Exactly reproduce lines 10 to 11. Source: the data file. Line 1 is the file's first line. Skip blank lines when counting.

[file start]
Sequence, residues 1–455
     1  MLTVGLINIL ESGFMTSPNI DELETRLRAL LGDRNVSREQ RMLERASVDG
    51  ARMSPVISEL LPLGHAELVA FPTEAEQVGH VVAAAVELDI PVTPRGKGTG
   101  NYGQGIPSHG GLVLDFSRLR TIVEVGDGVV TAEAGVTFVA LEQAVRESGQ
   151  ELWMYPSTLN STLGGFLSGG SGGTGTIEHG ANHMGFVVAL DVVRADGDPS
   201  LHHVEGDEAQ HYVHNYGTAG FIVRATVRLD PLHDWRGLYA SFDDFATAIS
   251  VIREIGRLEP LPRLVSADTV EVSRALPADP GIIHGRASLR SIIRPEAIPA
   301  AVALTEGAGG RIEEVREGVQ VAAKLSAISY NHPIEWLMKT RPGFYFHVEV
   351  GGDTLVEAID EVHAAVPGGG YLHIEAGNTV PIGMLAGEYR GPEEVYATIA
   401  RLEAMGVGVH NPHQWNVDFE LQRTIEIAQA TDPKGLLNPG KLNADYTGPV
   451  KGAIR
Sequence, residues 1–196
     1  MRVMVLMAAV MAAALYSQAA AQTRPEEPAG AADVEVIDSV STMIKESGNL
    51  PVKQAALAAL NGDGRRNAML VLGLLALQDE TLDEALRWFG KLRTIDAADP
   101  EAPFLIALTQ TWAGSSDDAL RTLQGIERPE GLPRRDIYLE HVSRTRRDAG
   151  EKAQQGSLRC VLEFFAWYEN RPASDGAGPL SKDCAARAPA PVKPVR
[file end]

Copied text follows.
   401  RLEAMGVGVH NPHQWNVDFE LQRTIEIAQA TDPKGLLNPG KLNADYTGPV
   451  KGAIR